New York Job Program Unfair to Women, Study Finds
New York City's job-training programs do not provide young women with equitable access to higher-paying jobs and often fail to provide training in nontraditional jobs, according to a study by the Center for Public Advocacy Research Inc.
The study examined 28 of the 37 youth employment programs in New York City funded under the Job Training Partnership Act to serve young people ages 16 to 21 years old.
It found that more than half of the 1,738 participants in the programs between January and April of 1984 were women, and that many program operators said that young4women were more highly motivated and skilled than their male counterparts.
But the study found that 13 of the 28 programs did not provide training in fields considered nontraditional for women. Some 78 percent of the women, compared with 57 percent of the men, were enrolled in health and clerical jobs. Only 8.5 percent of the women were enrolled in such programs as auto mechanics and building maintenance.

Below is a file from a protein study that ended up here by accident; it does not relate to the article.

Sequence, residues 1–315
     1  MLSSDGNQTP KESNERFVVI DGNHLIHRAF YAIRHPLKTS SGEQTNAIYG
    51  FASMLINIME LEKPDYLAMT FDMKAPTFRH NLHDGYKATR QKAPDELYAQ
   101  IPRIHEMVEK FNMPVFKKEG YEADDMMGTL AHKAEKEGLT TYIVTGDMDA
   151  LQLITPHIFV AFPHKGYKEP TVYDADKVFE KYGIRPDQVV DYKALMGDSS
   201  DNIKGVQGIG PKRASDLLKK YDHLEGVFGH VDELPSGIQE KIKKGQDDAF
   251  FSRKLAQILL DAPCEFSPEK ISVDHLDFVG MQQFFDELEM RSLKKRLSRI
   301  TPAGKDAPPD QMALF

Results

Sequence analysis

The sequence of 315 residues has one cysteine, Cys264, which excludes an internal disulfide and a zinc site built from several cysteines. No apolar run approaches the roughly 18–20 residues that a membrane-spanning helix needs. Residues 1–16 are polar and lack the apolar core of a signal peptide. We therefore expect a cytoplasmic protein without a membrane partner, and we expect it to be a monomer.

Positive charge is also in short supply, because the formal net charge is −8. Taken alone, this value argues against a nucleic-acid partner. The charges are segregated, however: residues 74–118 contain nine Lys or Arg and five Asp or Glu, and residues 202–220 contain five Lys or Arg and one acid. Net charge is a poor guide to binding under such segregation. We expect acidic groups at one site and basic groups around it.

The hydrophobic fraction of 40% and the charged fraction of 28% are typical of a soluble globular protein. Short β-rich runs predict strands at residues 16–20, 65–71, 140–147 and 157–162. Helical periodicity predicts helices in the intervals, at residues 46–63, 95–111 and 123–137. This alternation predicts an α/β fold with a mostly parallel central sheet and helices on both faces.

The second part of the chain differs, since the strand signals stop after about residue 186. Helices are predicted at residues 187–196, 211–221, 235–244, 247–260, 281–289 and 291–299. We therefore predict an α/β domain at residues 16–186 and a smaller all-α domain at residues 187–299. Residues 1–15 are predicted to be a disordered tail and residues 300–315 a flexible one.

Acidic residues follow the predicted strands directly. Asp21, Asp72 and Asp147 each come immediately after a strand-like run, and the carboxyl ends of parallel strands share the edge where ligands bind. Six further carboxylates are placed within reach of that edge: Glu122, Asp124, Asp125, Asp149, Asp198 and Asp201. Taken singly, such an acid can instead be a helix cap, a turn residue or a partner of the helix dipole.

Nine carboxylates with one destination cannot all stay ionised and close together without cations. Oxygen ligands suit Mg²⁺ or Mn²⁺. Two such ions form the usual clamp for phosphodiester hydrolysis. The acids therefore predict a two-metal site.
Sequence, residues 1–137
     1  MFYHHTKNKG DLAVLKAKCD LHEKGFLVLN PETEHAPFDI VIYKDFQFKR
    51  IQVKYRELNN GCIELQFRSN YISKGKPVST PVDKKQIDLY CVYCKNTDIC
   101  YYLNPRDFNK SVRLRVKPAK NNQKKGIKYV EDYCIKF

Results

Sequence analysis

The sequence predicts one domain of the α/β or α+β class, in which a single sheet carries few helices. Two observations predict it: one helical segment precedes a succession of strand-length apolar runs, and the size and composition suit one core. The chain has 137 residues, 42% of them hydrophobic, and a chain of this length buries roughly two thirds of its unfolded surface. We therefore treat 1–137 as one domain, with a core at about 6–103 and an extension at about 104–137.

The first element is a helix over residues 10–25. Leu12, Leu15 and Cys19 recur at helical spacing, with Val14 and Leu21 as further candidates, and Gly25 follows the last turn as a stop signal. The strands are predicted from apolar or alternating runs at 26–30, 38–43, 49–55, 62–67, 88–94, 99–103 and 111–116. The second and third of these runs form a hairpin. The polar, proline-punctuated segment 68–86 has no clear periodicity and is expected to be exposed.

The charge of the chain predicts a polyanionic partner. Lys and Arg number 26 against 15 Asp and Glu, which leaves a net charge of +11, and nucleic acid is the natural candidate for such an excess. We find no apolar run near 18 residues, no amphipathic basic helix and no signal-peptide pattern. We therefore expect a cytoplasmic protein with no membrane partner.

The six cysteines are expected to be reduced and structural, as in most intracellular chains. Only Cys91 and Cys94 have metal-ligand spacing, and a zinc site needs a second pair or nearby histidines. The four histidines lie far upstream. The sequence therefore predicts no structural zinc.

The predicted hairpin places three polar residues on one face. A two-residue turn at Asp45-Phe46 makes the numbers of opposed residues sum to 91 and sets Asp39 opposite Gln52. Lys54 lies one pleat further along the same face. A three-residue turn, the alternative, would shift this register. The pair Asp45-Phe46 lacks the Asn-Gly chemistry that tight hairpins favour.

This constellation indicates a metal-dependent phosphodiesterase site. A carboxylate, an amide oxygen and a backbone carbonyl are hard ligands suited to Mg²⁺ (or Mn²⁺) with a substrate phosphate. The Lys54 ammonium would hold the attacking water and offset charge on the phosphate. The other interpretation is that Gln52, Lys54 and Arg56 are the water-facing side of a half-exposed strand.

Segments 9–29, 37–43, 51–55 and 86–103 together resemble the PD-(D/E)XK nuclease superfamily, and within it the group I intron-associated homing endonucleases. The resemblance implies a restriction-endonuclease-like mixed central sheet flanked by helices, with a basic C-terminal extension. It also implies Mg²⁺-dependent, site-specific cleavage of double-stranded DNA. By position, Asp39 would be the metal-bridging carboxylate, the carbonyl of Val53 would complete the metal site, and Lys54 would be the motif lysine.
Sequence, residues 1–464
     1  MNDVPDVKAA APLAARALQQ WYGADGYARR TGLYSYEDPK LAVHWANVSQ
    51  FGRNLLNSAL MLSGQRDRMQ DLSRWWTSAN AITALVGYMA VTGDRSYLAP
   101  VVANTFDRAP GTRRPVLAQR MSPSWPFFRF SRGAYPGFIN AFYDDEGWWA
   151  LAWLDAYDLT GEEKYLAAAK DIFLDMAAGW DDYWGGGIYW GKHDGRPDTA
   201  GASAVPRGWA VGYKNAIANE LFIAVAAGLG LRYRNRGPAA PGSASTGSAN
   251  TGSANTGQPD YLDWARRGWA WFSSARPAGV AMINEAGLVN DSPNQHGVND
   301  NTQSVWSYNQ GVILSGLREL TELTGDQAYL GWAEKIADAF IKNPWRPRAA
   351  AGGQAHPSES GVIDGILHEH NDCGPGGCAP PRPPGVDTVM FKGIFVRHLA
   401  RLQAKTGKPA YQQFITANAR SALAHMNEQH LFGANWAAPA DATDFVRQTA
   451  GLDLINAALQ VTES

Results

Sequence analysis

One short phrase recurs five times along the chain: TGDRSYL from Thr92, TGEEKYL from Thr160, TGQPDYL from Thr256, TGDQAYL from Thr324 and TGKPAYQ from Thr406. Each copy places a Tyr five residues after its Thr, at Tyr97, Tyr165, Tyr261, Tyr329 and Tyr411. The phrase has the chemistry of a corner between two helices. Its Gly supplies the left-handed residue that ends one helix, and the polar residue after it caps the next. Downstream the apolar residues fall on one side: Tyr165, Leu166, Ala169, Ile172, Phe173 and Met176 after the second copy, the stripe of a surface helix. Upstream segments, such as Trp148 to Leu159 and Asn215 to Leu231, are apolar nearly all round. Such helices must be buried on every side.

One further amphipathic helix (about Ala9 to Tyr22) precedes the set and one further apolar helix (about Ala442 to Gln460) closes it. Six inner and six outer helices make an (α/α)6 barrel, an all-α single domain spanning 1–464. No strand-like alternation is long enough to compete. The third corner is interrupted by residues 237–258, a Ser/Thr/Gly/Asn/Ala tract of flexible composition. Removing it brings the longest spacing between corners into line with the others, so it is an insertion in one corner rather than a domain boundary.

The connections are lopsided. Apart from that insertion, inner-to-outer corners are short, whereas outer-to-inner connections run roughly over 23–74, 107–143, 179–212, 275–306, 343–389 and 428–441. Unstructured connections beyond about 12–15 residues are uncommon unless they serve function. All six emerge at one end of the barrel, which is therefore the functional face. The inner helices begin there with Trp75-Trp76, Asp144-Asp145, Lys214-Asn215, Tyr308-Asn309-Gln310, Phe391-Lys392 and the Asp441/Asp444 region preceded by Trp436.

The study found that young people of both sexes were being paid about $4 an hour, but those working in clerical jobs received slightly lower wages, while higher wages were offered in the technical or building-repair categories.
Most of the program officials also said that they were facing severe problems in arranging child care for their participants.
The "failure to locate child care was preventing participants from applying and being accepted to jtpa programs," the study noted. "Further, many program operators indicated that they had enrolled young women who were forced to withdraw from their program because child-care arrangements had broken down."--at